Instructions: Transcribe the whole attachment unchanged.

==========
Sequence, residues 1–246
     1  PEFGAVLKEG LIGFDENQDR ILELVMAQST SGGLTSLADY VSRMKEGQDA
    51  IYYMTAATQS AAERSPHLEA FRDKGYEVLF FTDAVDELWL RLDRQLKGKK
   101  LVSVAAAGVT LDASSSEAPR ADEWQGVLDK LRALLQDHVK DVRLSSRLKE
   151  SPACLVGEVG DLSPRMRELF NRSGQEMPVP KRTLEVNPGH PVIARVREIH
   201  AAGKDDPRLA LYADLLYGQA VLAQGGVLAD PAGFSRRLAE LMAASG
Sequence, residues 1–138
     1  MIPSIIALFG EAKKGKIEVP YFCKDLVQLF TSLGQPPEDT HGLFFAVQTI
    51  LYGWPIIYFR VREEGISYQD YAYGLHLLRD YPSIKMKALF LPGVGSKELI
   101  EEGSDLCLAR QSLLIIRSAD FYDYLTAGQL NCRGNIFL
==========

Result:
Sequence, residues 1–246
     1  PEFGAVLKEG LIGFDENQDR ILELVMAQST SGGLTSLADY VSRMKEGQDA
    51  IYYMTAATQS AAERSPHLEA FRDKGYEVLF FTDAVDELWL RLDRQLKGKK
   101  LVSVAAAGVT LDASSSEAPR ADEWQGVLDK LRALLQDHVK DVRLSSRLKE
   151  SPACLVGEVG DLSPRMRELF NRSGQEMPVP KRTLEVNPGH PVIARVREIH
   201  AAGKDDPRLA LYADLLYGQA VLAQGGVLAD PAGFSRRLAE LMAASG
Sequence, residues 1–138
     1  MIPSIIALFG EAKKGKIEVP YFCKDLVQLF TSLGQPPEDT HGLFFAVQTI
    51  LYGWPIIYFR VREEGISYQD YAYGLHLLRD YPSIKMKALF LPGVGSKELI
   101  EEGSDLCLAR QSLLIIRSAD FYDYLTAGQL NCRGNIFL